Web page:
Thus, Jordan is careful to make sure to communicate to the wider Christian body that non-Sabbatarian men like John MacArthur are his brothers in Christ.  His reasoning?  Because MacArthur thinks Sunday is a special day and refers to it as "the Lord's Day."3 But for MacArthur, "the Lord's Day" is not a Sabbath and he considers himself free to work and to play on the Sabbath 4, both of which are popularly accepted Sabbath violations, one of which Hall considers to be a Sabbath violation (working).  But, why the double standard? Why write extensively about one minister's breaking of the 7th commandment and remain silent in regard to the persistent breaking of the 4th? Especially when it includes not just the breaking of the command but the teaching of others to do the same? This is sin upon sin. This is egregious! He should be condemned far more harshly than someone like Clayton Jennings. But of course, in practice, this isn't what happens. In the case of MacArthur specifically, Hall accepts his Sabbath breaking because he appreciates that MacArthur calls Sunday "the Lord's Day," but such acrobatics just won't do. Again, imagine the man in Israel about to be put to death for having collected sticks on the Sabbath protesting, "but I'm not guilty of breaking the Sabbath, I call today 'the Lord's Day!'" Such an excuse will not do. Nor could I see Moses protesting, "but Lord, sure he was picking up sticks and breaking your Sabbath, but the day is special to him and he calls it 'your day.'" No. Such a thing could have never happened.  Sabbatarians may dutifully proclaim the moral obligation of Sabbath keeping, "when he is preaching and talking very slowly the Sabbath is binding on all; but when he comes to practice that doctrine, the true thing slips out; he cannot help it."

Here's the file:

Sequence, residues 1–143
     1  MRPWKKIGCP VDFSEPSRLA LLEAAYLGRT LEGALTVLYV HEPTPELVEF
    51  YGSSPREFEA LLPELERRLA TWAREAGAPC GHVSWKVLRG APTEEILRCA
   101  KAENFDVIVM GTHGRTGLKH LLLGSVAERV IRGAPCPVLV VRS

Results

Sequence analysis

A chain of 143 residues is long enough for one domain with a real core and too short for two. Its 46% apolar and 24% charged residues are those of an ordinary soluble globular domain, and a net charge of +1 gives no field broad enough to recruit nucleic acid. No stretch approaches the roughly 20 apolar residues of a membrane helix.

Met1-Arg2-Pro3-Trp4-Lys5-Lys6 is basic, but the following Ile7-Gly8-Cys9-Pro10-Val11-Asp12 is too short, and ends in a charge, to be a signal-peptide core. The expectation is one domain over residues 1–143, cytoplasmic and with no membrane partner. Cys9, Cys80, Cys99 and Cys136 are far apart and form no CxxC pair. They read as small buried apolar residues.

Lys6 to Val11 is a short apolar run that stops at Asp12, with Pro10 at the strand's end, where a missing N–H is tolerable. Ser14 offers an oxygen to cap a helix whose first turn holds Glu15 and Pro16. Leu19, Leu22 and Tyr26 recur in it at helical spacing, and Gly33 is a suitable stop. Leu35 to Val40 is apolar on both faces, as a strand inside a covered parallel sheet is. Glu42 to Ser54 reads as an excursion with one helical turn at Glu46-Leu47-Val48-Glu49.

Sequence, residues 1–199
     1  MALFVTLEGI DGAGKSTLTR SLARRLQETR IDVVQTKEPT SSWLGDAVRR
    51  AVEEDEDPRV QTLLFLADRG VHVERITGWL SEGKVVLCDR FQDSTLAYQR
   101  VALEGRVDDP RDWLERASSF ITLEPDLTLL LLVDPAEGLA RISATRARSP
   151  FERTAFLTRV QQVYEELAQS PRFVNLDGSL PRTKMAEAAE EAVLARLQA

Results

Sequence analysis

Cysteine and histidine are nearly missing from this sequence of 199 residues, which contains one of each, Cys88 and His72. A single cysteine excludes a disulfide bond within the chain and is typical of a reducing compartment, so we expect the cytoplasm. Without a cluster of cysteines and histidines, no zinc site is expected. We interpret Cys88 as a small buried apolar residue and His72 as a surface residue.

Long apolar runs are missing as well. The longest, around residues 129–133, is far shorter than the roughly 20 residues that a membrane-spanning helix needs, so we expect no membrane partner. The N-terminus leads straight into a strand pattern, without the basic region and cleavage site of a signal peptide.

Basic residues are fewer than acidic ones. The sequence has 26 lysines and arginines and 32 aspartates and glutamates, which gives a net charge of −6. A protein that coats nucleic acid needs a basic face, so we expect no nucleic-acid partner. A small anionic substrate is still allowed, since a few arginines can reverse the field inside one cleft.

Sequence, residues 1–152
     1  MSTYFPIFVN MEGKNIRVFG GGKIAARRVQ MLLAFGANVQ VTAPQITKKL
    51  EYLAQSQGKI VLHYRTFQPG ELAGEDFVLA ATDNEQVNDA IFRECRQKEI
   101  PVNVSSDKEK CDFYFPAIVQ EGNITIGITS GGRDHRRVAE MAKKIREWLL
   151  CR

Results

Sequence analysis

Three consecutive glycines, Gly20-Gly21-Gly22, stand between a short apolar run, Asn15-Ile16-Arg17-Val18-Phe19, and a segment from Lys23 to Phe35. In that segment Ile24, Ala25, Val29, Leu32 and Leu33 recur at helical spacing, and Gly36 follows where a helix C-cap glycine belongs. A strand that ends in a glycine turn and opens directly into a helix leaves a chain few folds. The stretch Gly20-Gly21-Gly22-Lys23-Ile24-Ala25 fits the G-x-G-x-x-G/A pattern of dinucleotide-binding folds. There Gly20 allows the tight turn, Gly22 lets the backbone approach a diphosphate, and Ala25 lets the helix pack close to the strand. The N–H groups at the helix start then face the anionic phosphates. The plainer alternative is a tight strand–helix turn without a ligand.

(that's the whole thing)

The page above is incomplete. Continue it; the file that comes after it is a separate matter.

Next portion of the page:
The observation that Sabbatarians resemble Arminians in this way is not new. In his book, In Defense of Jesus, the New Lawgiver, John Reisinger notes, 

"The next time someone insists that the Sabbath is a moral commandment just as binding on a Christian today as it was when first given to Israel, ask this question: Exactly what must a person do before your church will discipline him or her for Sabbath breaking? After a moment of silence, ask if the church has ever disciplined someone for breaking the Sabbath commandment. When he or she says no, then say, “You must have a church filled with extremely conscientious Sabbath-keepers or else you have a very hypocritical leadership that treats a moral commandment of God as if it had a nose of wax that could be twisted to mean anything any individual wanted it to mean.”